@Bateauxdriver – My company does offer a flex healthcare account, but I know nothing about what it is and how it works yet, so I'll need to read up on it.

@Dmy0013 – You’re absolutely right. I just tried to throw everything extra at the debt. In hindsight, I could have left one of the student loans alone since the rate was so low and put more money in an ER fund. But I was just so pumped to get to ZERO that I didn't even think about it. It was such a mental high when I did hit that goal. Right now, I’m not confident in my financial and rental IQ, but maxing out the 401k and IRA is something that I can wrap my mind around. But you’re right, it’s good to have a nice ‘stash, so I’m planning to save the majority of the part time gig in my ‘stash. Once that gig is gone, then I agree with the rest of the folks that my full time job pays enough to be able to offset any short term emergencies. In the meantime, I’ll read into some of the vanguard and index stock fund and probably hold out on buying property. I love the thought of owning property...it’s like a different kind of “keeping up with the Jones” – thinking that I’m missing out on awesome financial gains by having property. For now I'll wait, maybe in 5 years.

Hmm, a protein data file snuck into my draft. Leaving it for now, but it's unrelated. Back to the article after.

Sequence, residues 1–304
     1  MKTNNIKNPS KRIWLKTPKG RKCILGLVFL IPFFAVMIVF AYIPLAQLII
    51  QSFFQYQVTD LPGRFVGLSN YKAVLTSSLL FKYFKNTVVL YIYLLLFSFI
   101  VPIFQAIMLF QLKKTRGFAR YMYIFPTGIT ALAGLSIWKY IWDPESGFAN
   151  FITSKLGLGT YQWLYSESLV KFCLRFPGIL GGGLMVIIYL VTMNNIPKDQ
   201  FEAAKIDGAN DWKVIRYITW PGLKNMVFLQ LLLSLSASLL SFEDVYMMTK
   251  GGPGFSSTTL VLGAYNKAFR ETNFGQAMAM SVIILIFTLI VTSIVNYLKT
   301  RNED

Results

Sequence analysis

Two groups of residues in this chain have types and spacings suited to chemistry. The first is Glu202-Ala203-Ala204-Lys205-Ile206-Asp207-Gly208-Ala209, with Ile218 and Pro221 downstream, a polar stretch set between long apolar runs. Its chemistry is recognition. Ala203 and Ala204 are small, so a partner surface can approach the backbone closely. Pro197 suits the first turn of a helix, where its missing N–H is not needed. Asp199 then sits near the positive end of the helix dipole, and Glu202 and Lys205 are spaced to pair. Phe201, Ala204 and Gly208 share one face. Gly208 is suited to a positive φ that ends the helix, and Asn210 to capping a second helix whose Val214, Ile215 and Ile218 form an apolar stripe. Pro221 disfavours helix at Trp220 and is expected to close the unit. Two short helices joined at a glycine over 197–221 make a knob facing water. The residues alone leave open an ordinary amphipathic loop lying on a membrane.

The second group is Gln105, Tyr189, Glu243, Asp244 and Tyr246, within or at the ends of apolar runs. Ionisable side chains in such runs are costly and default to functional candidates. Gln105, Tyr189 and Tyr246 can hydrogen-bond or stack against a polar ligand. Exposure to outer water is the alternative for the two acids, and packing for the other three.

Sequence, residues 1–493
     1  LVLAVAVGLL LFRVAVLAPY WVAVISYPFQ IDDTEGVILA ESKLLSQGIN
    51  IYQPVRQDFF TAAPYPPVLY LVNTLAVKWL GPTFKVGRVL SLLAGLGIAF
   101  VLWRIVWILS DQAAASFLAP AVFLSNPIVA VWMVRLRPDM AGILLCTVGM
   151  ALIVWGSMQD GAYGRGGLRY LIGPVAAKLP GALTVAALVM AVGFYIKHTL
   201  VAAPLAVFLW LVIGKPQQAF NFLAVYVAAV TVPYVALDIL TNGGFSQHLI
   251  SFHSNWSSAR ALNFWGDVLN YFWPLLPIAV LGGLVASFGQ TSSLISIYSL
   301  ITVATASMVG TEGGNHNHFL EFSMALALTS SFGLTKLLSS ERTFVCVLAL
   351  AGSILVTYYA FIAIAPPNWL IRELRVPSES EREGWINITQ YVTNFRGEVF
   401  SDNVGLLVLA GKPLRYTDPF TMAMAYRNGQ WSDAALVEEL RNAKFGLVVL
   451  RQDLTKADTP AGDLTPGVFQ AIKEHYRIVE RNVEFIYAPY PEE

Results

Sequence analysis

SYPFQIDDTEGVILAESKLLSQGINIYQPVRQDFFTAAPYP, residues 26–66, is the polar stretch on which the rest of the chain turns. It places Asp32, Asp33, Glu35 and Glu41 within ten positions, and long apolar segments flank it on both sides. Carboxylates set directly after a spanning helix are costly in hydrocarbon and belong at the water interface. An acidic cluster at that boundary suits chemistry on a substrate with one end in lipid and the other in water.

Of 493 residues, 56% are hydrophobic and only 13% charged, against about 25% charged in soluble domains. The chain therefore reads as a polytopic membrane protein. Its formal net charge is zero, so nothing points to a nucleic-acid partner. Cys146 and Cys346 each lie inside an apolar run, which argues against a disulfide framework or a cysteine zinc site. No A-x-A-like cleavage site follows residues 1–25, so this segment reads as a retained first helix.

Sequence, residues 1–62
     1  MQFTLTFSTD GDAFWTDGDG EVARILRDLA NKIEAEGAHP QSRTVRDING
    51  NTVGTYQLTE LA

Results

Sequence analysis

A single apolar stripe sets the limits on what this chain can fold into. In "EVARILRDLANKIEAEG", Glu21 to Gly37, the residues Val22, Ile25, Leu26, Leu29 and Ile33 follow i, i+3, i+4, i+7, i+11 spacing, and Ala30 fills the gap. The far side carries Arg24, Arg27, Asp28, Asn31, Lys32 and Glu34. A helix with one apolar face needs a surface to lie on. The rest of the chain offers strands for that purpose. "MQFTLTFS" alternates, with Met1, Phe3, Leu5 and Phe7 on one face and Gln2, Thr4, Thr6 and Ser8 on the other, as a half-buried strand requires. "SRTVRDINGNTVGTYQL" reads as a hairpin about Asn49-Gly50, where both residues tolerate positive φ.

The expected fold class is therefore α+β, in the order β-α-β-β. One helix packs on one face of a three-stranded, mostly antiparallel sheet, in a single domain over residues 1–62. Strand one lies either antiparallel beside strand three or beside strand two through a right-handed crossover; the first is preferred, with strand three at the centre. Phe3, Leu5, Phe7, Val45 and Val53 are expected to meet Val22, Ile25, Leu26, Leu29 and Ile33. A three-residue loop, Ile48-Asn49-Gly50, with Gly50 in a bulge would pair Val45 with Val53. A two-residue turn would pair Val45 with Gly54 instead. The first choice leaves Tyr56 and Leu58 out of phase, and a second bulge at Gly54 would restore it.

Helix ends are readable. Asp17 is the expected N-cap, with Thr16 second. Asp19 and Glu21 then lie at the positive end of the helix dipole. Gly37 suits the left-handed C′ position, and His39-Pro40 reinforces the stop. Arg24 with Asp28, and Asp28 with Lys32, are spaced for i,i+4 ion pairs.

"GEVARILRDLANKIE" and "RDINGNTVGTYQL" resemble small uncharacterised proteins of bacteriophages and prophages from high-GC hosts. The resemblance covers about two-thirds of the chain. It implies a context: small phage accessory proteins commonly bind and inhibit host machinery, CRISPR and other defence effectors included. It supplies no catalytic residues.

This forum is pretty awesome. Thanks a ton everyone. I’ll keep you guys posted. :)

nereo

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Kind of embarrassing to admit but I had no idea that a traditional IRA was tax deductible. -_-; I also didn't know that you have until April to contribute to it for 2013 taxes. I can save $5500 in the next two months for 2013, and after that save $460/month for 2014 IRA contributions.

This forum is pretty awesome. Thanks a ton everyone. I’ll keep you guys posted. :)

Both IRA accounts have tax advantages - just at different times.  A traditional IRA allows you to not pay taxes on that money this year by reducing your AGI.  BUT, you pay taxes on that money when you take it out (including taxes on any interest you have made).
for a ROTH IRA you get no tax benefit now (you contribute with post-tax $) but you won't pay taxes on it when you withdraw funds later.  A ROTH also comes with a bit more flexibility - you can withdraw some of your principle after 5 years, and you can use funds for education or to buy your first home.  Generally, there's less flexibility with a traditional IRA.